This was its condition while prostrate and hidden in the noisome pit (Psal. 40:2) beneath the turf. But though sealed up in Joseph's cave, it was not concealed from the Father-Spirit, who had so recently forsaken it. Walls, and seals, and soldiers, could not bar out the Spirit from the Body he was about to repair for future manifestations.

Hence the Spirit in David represents the Son as saying, "My body was not concealed from thee when I was made in the secret place; I was embroidered in the under parts of the earth. Thine eyes saw my imperfect substance; and in thy book all of them were written as to the days they were fashioned, when there was not one among them (Psal. 139:15).

The Body was repaired, and in its being freed from the loathsomeness of death, it was created a Spiritual Body with all the embroidery of spirit.

Eureka 1.1.1.

Crucified through Weakness

Take, for instance, Heb. 2:14, where it is written, "Therefore for as much as the children (given of the Deity to the Son for brethren) partook of flesh and blood, he also himself in like manner shared in the same, that through the death (he accomplished) he might destroy that having the power of death, that is, THE DIABOLOS." 

Now, Paul elsewhere informs us that "Jesus was crucified through weakness" (2 Cor. 13:4); and the clergy teach that their diabolos, or devil, is second only to their Trinity in power-almost, if not quite, omnipotent; at all events, powerful enough to hold in eternal captivity and torture the vast majority of the human beings God has made.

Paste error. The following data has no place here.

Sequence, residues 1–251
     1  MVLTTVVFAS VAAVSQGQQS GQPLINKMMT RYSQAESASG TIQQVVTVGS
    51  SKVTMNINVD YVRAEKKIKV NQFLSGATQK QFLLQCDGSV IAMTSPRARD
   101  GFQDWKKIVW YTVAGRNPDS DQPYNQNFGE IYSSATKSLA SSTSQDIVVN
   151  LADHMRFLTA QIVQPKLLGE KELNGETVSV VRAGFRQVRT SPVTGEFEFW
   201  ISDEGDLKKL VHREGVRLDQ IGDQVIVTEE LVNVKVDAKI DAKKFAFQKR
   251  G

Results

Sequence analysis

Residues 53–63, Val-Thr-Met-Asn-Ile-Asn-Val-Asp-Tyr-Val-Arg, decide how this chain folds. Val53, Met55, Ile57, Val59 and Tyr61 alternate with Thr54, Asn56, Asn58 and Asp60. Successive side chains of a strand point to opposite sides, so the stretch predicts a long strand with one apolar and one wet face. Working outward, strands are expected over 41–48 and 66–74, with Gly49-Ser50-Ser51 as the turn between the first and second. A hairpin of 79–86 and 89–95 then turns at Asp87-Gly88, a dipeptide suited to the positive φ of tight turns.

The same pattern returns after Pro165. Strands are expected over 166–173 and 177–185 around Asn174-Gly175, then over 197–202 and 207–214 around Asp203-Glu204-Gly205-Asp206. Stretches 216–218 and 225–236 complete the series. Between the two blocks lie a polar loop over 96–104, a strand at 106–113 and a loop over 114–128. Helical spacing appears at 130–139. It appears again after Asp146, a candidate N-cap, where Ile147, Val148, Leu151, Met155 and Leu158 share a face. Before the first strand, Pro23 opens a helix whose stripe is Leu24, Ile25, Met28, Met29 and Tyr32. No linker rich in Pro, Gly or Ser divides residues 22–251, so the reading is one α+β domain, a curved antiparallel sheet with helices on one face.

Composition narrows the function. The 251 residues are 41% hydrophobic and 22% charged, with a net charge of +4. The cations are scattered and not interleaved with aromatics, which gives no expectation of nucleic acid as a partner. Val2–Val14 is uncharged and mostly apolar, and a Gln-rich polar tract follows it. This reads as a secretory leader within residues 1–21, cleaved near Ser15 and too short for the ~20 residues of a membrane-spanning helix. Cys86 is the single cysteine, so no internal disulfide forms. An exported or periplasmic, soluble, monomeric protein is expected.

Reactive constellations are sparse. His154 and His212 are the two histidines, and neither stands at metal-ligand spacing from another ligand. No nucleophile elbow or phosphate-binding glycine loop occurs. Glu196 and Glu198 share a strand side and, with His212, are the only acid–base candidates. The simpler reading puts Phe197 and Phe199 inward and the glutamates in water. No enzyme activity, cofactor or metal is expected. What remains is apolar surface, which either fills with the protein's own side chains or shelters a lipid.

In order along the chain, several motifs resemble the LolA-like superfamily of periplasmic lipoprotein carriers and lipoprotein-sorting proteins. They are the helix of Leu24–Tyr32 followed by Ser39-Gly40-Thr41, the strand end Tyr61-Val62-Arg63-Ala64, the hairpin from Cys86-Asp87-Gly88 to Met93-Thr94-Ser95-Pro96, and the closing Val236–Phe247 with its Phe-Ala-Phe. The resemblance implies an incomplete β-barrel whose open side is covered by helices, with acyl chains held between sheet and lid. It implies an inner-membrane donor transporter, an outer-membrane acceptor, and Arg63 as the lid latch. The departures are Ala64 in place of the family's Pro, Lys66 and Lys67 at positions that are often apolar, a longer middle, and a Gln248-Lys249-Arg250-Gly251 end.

He either holds them with God's consent or against it; if he hold them with it, God and the Devil are made co-partners; and God is made by their traditions to have created an enormous multitude of men, women, and children for no other destiny than eternal torments; which gives the lie to the scriptures, which teach that "God is love:" if the Devil hold the damned against God's consent, then the Devil is more powerful than God. But, the clergy are unwilling to accept the consequences of their own theories. They would not like to admit the co-partnership, nor the superior strength of their Devil; though upon their premises one or the other is unavoidable. They will admit, however, that their father and patron, the Devil, is vastly powerful.

This is admission enough to illustrate the incompatibility of their traditions with scripture. Thus, How comes it that the Spirit laid hold upon death stricken and corruptible flesh and blood, which is so weak and frail, called "the Seed of Abraham," that through its death He might destroy so mighty and Powerful a Devil? 

Would it not have been more accordant with the requirements of the case for Him to have combated with him unencumbered with flesh, or in the spirit-nature of angels? Became weak and dead to destroy the mighty and the living; when the Creator of the Devil could with a word annihilate him! But there is as little reason as scripture in "the depths of Satan" as the clergy teach; and therefore it would be mere waste of time and space to occupy ourselves any further with their speculations and traditions upon this subject.